A few years ago when I was an advisor in the Young Women’s, I tried whenever possible to include stories by and about women. In my search to uncover the hidden women in the scriptures, I came across Marjorie Meads Spencer’s “My Book of Mormon Sisters” and was impressed at her comprehensive teasing out of the women—both named an unnamed—in the Book of Mormon. Yet, I felt the need to look beyond established lists and re-imagine our familiar stories populated with the women and girls we know are there. Why is this necessary? As Neylan McBaine, author of Women at Church: Magnifying LDS Women’s Local Impact explains,
We are currently in the process of digging ourselves out of a deep hole in the sheer volume of role models women today have to look to. Why are role models important? Because they act as a blue print upon which we can pattern our choices and life paths. As Marie Wilson of the White House Project said, “You can’t be what you can’t see.”
With this idea of re-imaging or recreating narratives that include women, it brought to mind a literary theory application from my university days. It has been a very long time since I studied Jacques Derrida, much less applied his method to any text, but there has been a particular concept of his that has always stuck with me. Derrida’s “presence absence” theory—the idea that you cannot have a story about, say, men (presence) without evoking meaning through the absence of women. In a simplified manner, men bear the traces of women, as do women of men, as a sign of their absence. So in the case of the Book of Mormon, we can find women present in absence. Continue reading
As I walked the neighborhood delivering invites to our next church social, I fingered the roll of tape and stack of invitations in my pocket, and decided this time to knock. After a while, labored footsteps grew louder and finally, a heavy woman wearing pajamas answered the door. “Come in and stay a minute,” she said, already walking away from the door and directing me to the couch. If she saw the invitation in my hand, she didn’t say. I knew of this woman. She was one of the first to build a home in the neighborhood. She was a widow, and did not attend church anymore. I sat obediently as she told me about her new pacemaker, her swollen knees and ankles, and how, due to the inexperience of a student doctor, a pin was left in her foot during surgery that gives her pain with every step. I listened and asked questions as the sun lowered in the window behind me. I could feel my cellphone buzzing; I promised my daughter I would take her shopping. Continue reading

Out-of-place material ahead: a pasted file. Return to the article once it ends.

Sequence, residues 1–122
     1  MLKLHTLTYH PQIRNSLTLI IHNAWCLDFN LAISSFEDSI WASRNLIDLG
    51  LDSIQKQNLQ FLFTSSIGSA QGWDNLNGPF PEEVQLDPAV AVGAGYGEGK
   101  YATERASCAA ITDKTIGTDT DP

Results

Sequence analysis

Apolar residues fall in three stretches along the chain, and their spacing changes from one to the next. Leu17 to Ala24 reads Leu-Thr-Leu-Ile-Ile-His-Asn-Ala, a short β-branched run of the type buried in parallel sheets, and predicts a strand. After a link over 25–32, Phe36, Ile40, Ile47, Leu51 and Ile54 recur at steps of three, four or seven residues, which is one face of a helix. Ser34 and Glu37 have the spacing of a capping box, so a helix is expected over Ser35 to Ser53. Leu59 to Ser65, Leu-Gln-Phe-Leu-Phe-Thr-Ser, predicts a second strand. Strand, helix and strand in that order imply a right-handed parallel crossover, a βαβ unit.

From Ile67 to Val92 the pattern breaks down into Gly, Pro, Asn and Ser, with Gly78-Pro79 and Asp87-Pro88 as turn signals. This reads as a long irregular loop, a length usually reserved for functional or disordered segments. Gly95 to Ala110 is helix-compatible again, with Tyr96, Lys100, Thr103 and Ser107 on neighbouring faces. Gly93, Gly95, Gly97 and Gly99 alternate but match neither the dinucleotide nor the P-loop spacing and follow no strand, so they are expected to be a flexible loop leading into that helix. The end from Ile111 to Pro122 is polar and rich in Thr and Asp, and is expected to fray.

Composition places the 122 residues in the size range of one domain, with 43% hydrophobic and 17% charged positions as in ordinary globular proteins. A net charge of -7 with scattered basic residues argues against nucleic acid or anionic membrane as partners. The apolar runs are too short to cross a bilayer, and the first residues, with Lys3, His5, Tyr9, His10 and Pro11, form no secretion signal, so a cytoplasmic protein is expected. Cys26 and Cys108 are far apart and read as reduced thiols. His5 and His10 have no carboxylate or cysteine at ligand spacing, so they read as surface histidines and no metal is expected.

Over the past few weeks following Jane’s heart surgery, our family received many gifts: meals, kind words, help with children, and numerous crafts, toys, and cards that otherwise helped fill our stomachs, alleviate stress, and pass our time.
It is especially humbling and poignant to receive from those we don’t know well. A girl who played soccer for Ed made Jane a blanket to comfort her in the hospital. A couple at our church reached out to inquire how Jane was doing, as they had fasted for her. A neighbor whose children are grown asked if it would be alright if he brought Jane a doll. School friends visited in the hospital and at home, and those we know just as acquaintances brought cards and gifts. On top of this, my siblings and parents have revealed their generosity in thought and deed. Last week, we even received an anonymous gift to help with Christmas. Continue reading